After the ceremony, guests gathered next door at the Fisher House for wine and beer, a yellow boat raw bar of oysters and little necks, and passed appetizers including Roma tomato canapés, French onion tarts, rustic tomato soup shooters, mini lobster rolls and jumbo shrimp cocktail. As they mingled, guests were entertained by the talents of the piano player from our band getting warmed up on the baby grand piano in the house.
After guests dined on their choice of pan seared cod, herb-crusted lemon chicken, or a seasonal vegetable haystack, the band started its set with the Basin Street Blues. We skipped the latest pop trends in favor of an instrumental jazz quintet to play Dixieland and swing. Our first dance was to “Our Love is Here to Stay” by George Gershwin, and our Father/Daughter and Mother/Son dance was to “Look for the Silver Lining” by Chet Baker. Our guests really got into the classic feel of the music and the dance floor was busy all night.
At four-o-clock, everyone entered the tented patio to find their seats for dinner. We named each table after one of our favorite places on the island like ‘Cedar Tree Neck,’ ‘Huckleberry Barrens,’ and ‘Katama Point.’ The place settings were each marked with guests’ names I’d dry-transferred onto seashells we collected from the beach where Brandon asked me to marry him. I made hand stitched leather key chains for all of the men and pearl necklaces on leather cord for all of the women. I come from a big family and we had a lot of young children in attendance, so for the kids I made woodland animal masks, which were entertaining for everyone.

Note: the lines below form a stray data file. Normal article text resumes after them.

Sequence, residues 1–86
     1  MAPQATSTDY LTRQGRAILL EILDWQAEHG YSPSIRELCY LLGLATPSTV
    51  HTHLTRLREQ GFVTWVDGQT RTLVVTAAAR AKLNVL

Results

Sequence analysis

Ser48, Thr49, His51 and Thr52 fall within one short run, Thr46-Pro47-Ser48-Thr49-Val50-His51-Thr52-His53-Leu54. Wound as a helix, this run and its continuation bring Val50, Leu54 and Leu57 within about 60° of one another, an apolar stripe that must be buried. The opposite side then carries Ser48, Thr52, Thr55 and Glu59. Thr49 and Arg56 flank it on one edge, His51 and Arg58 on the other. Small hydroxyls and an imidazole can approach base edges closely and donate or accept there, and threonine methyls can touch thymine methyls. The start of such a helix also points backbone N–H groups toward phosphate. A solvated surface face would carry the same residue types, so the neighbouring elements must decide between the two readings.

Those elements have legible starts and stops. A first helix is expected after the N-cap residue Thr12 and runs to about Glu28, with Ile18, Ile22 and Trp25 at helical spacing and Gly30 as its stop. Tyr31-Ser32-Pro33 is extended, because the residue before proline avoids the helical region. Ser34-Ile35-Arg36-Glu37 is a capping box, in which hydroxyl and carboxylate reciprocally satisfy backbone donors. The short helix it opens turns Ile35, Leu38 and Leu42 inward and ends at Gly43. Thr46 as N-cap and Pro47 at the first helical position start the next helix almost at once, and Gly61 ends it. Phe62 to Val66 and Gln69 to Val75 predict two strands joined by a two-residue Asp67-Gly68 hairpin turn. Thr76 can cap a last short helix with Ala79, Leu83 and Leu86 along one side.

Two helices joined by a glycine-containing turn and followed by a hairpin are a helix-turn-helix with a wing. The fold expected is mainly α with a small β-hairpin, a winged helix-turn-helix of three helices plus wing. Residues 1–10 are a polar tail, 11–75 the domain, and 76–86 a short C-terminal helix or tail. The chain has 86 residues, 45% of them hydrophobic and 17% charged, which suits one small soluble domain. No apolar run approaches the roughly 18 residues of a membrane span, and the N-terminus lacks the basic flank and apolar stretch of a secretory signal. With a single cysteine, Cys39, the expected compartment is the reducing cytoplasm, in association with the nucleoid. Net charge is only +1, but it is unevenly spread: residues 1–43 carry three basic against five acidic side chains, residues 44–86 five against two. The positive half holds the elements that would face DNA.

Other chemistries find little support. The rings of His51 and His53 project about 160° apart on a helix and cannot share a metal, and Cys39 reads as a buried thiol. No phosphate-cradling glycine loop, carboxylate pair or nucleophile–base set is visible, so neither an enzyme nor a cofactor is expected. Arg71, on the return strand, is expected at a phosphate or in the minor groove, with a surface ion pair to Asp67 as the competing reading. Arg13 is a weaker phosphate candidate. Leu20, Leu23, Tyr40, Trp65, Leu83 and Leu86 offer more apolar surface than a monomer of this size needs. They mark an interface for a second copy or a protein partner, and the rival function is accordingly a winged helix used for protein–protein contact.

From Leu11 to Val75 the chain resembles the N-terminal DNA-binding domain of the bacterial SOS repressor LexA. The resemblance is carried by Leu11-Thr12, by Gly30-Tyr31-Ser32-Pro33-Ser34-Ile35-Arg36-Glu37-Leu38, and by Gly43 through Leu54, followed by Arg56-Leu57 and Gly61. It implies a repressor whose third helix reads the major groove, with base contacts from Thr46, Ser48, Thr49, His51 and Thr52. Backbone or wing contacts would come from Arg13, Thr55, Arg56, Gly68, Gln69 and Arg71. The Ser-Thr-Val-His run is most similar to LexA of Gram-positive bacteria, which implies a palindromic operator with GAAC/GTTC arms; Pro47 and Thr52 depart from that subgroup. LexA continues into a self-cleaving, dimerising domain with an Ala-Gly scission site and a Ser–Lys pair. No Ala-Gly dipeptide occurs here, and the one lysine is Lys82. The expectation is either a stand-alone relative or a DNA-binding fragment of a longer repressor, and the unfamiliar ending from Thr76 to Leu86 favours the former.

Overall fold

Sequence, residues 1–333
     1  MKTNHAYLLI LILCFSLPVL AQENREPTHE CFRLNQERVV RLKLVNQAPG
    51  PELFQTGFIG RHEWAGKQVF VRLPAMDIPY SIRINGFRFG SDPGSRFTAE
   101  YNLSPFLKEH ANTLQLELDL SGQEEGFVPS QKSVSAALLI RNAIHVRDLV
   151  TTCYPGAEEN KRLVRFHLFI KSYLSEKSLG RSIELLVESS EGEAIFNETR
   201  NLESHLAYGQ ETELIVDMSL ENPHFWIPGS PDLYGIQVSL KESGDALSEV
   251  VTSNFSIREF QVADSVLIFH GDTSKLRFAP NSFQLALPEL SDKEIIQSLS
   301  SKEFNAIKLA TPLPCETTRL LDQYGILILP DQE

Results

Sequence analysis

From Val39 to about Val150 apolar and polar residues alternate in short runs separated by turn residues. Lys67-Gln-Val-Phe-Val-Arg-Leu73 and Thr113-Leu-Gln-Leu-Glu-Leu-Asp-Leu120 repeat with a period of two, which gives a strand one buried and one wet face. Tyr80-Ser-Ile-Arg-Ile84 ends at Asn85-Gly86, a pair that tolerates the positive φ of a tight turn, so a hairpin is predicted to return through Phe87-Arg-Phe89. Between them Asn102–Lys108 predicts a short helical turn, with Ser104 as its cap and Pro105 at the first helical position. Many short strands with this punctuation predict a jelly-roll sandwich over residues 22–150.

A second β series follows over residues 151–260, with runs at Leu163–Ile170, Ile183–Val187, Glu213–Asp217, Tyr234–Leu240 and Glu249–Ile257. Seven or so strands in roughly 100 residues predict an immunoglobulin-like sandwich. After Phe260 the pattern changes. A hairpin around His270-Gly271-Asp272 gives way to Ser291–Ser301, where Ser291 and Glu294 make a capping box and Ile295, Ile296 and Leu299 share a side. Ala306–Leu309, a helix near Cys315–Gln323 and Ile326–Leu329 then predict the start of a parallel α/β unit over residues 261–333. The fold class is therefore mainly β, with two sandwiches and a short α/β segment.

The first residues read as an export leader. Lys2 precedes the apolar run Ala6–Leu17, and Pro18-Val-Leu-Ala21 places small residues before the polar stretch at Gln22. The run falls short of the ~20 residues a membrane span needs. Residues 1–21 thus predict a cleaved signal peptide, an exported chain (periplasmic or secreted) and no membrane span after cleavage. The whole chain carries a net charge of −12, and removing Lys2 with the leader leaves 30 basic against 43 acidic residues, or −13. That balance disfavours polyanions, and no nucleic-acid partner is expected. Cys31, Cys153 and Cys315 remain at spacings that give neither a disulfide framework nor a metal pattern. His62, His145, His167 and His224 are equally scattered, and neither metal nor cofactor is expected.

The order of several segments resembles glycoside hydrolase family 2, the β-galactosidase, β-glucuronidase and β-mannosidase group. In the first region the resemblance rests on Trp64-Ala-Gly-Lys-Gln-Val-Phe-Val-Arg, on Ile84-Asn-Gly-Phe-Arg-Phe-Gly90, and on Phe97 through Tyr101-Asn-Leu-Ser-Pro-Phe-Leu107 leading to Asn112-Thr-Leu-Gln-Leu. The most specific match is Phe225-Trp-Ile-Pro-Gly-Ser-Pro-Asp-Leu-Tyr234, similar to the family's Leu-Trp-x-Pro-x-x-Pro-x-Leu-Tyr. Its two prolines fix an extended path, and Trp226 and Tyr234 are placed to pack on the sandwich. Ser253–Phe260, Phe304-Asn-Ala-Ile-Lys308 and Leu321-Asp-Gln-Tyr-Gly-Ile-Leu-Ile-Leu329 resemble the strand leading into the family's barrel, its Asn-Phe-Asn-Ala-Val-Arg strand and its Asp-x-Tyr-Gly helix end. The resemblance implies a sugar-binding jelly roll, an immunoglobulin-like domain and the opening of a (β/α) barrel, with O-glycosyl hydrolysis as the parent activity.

With the party in full swing, Brandon and I snuck away to check into our room for the evening at the Charlotte Inn around the corner on Summer Street. It’s the kind of place that feels like stepping into a nostalgic memory of the past. Every room from the dining room to the guest rooms is a perfect tableau of fine art and antique collectibles. We followed our host up the stairs to delight for a moment over the antique canopy bed, and the array of decorative touches from the floral wallpaper and original oil paintings to the claw tub and collection of antique bath products in the medicine cabinet. My groom put the shiny brass key in his pocket, and we returned to the party to cut the cake.
“We followed our host up the stairs to delight for a moment over the antique canopy bed, and the array of decorative touches from the floral wallpaper and original oil paintings to the claw tub and collection of antique bath products in the medicine cabinet.”
I woke the next morning to the early sunlight through the window falling on the bedcover and the autumn colors of a maple bough through the rippled glass. We would see our friends and family later in the morning for a brunch at the Boathouse overlooking Edgartown Harbor. Then we would stay on the island for another week to relax and explore the as we’d done many times before, but now from the new vantage point of this high place in our love and our life together.
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My heartfelt appreciation to Yuri Vaysgant for his assistance & keen photographic eye at this wedding!
Todd Danforth Photography is a Los Angeles wedding photographer specializing in capturing moments and emotion. A storyteller at the core, he believes in the timeless power of a poetic visual narrative, creating honest and authentic photographs to share with your loved ones for years to come. This Martha’s Vineyard wedding was photographed at Dr. Daniel Fisher House and Gardens in Edgartown, Massachusetts.